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Evaluation of the effectiveness of three physiotherapeutic treatments for subacromial impingement syndrome: a randomised clinical trial

Abstract

Objective

To determine whether dexketoprofen administered by phonophoresis or iontophoresis is more effective for the treatment of subacromial impingement syndrome (SIS) than conventional ultrasound therapy.

Design

Randomised clinical trial.

Setting

University hospital.

Participants

Ninety-nine participants with SIS without a complete tear of the rotator cuff were assigned at random to three intervention groups.

Intervention groups

Participants received ultrasound (n = 32), phonophoresis with dexketoprofen (50 mg/session) (n = 33) or iontophoresis with dexketoprofen (50 mg/session) (n = 34). All participants completed 20 treatment sessions plus exercise therapy and cryotherapy.

Outcome measures

A visual analogue scale (VAS), the Constant–Murley Scale (CMS) and the Disabilities of the Arm, Shoulder and Hand (DASH) questionnaire were administered pre-treatment (baseline), post-treatment and 1 month post-treatment.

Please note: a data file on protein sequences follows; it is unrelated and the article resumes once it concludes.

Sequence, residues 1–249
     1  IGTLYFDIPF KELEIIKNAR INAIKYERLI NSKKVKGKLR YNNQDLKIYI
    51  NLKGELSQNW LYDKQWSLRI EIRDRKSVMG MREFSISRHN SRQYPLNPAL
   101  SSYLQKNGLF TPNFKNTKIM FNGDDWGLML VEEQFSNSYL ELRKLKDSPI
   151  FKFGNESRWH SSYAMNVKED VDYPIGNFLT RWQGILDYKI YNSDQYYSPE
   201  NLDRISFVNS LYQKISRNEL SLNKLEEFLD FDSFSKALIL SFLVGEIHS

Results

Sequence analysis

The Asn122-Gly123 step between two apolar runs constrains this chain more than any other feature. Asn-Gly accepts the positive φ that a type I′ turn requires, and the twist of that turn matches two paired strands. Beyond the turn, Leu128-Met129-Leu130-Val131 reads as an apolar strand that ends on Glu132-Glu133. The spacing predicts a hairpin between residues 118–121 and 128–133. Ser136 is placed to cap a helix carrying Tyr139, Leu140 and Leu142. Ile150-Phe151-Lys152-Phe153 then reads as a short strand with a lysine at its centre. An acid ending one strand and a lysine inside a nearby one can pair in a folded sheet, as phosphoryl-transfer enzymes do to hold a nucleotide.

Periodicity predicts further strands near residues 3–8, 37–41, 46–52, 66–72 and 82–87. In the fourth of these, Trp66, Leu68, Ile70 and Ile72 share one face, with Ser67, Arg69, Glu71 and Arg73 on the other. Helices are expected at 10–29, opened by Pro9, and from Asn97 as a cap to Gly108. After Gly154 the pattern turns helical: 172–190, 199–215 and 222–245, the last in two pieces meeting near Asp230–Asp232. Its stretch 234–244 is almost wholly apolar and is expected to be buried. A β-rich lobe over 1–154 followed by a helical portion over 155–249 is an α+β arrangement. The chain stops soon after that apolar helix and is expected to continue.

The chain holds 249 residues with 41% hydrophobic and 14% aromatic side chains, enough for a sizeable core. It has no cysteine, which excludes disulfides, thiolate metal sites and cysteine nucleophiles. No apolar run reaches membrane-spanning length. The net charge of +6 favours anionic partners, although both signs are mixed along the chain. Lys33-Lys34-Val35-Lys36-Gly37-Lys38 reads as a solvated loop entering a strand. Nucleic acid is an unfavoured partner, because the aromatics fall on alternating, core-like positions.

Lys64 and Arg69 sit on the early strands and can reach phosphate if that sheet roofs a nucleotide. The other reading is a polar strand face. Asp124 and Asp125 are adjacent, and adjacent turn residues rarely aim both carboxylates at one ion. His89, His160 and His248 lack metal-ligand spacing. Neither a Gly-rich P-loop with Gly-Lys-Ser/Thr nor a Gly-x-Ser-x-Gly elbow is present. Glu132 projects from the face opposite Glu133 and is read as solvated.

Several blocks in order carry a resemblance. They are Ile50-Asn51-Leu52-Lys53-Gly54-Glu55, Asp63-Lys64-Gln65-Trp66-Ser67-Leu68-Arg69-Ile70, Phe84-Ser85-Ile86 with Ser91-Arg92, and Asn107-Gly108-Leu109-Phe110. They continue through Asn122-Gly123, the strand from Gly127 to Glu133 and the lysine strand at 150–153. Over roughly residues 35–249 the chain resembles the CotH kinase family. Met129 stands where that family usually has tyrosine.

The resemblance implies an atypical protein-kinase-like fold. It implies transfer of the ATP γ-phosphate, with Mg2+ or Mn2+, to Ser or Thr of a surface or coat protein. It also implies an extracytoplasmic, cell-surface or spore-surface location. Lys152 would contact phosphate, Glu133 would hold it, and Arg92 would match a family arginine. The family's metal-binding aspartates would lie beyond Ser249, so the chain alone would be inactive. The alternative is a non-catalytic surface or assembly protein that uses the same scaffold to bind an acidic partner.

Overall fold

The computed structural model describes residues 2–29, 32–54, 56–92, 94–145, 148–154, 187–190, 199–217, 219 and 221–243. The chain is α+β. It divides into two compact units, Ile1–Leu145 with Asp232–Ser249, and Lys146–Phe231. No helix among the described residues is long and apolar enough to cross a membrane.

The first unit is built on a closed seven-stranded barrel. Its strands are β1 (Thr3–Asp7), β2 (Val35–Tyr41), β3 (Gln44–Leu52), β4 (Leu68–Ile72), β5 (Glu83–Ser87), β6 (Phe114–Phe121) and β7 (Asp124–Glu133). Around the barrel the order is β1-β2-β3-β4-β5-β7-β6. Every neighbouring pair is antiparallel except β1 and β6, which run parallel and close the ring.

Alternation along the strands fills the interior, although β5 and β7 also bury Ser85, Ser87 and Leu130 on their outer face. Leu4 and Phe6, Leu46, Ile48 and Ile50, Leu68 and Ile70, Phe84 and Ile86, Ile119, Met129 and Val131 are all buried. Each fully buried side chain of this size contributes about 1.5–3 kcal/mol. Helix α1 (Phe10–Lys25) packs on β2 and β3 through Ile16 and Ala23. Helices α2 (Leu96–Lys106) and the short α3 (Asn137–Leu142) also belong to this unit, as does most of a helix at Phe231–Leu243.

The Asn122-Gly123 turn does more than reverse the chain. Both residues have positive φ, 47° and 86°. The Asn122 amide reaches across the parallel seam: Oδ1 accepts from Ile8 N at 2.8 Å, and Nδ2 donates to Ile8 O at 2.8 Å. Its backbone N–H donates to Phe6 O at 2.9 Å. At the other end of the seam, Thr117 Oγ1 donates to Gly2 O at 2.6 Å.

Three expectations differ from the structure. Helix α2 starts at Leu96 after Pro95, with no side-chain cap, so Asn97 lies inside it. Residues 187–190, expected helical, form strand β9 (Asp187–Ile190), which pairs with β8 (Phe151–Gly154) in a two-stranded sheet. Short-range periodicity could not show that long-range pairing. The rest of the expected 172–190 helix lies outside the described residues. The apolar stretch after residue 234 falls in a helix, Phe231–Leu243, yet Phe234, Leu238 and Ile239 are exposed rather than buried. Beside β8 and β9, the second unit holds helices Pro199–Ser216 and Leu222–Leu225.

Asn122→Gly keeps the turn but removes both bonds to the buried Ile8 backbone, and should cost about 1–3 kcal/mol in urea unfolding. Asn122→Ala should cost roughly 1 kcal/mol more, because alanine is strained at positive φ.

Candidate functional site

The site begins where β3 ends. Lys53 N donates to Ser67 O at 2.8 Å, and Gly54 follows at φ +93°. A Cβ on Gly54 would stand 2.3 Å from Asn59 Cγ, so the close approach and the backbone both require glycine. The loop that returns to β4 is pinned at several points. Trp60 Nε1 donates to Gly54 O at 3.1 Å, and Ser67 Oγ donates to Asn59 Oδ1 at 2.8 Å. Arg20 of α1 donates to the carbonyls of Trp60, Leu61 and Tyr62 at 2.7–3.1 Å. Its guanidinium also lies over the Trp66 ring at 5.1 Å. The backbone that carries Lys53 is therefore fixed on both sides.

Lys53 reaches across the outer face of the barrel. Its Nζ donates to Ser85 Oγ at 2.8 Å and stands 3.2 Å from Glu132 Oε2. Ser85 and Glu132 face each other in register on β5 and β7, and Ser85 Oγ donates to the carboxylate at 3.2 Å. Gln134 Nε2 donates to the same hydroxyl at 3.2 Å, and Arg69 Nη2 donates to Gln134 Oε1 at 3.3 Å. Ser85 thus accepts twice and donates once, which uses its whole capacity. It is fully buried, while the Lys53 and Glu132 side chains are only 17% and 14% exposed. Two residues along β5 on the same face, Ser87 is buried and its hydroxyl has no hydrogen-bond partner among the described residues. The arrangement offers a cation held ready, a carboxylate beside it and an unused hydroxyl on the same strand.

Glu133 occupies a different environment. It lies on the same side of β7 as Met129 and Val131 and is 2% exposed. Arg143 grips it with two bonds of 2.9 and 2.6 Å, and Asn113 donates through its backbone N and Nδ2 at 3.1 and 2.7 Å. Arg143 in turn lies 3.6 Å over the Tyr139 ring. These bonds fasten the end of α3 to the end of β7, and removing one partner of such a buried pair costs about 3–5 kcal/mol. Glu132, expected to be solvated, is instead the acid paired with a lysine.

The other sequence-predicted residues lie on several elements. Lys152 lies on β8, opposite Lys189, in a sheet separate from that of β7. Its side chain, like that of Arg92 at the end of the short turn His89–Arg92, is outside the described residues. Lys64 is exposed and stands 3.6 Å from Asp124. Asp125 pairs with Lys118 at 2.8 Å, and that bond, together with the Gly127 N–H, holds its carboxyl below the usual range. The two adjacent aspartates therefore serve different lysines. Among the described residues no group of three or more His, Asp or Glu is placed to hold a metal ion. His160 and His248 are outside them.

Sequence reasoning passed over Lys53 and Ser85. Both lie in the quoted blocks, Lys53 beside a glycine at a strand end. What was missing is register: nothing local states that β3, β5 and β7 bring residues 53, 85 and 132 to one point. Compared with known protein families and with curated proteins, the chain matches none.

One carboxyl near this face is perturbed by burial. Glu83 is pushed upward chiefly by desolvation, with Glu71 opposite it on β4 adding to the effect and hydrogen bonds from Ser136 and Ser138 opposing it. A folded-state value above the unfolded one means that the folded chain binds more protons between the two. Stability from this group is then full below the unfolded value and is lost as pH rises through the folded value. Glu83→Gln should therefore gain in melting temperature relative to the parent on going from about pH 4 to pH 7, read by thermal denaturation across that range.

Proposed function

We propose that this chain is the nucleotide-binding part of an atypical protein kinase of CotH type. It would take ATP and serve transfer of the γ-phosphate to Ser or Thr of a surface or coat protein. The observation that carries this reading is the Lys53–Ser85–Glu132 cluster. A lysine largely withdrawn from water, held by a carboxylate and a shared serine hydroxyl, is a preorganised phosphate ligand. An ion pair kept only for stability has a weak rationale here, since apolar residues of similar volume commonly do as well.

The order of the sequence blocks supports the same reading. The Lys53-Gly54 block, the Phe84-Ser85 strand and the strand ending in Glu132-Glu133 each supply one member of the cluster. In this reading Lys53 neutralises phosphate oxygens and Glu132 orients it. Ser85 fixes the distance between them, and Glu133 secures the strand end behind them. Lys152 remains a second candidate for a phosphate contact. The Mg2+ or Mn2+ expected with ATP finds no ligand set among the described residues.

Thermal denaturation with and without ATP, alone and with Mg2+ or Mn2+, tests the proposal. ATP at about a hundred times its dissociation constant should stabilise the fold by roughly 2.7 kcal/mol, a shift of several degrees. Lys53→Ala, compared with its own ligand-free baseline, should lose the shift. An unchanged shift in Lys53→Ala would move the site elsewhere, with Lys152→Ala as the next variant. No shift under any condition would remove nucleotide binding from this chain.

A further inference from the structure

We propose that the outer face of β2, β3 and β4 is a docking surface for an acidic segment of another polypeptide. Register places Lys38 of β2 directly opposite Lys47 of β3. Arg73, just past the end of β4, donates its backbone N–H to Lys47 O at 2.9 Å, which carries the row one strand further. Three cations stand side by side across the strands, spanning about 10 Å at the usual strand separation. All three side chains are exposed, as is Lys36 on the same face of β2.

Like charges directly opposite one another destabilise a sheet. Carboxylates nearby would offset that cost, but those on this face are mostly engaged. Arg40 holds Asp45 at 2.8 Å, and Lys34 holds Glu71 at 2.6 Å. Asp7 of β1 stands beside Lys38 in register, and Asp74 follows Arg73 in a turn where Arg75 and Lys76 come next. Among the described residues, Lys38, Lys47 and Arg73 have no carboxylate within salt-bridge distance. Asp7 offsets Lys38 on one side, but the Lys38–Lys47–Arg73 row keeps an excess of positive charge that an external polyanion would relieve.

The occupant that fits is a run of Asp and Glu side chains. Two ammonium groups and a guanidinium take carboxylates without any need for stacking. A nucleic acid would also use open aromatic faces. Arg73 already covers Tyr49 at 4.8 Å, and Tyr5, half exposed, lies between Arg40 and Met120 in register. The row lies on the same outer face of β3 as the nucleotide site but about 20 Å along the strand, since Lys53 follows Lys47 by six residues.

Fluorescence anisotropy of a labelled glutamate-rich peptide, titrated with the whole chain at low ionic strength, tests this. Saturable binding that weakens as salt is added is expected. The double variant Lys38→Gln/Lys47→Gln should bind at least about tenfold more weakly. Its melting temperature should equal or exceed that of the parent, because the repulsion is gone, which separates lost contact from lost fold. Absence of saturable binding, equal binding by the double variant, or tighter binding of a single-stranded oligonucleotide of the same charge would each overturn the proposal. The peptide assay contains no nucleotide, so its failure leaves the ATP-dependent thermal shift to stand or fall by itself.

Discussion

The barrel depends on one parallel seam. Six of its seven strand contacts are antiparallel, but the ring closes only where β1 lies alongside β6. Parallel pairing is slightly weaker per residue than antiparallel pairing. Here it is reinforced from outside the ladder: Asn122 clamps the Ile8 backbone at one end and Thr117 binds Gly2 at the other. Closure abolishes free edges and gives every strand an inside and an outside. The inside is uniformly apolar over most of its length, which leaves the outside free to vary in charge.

Results

At baseline, there were no differences between the groups. Post-treatment, VAS score improved by −1.2 points and CMS score improved by 8.9 points in the ultrasound group compared with the iontophoresis group [95% confidence interval (CI) −0.2 to −2.2 and 95% CI 17.0 to 0.7, respectively]. CMS score improved by 7.1 points in the phonophoresis group compared with the iontophoresis group (95% CI 14.8 to −0.7). At 1 month post-treatment, no significant differences were detected between the groups. VAS, CMS and DASH scores of all groups improved post-treatment and at 1 month post-treatment.

Conclusion

Ultrasound, iontophoresis with dexketoprofen and phonophoresis with dexketoprofen can improve pain, shoulder function, and physical functioning and symptoms in the upper limb in patients with SIS without a complete tear of the rotator cuff.

Clinical Trials.gov registration number

NCT01748188.

Cite this article

Evaluation of the effectiveness of three physiotherapeutic treatments for subacromial impingement syndrome: a randomised clinical trial.

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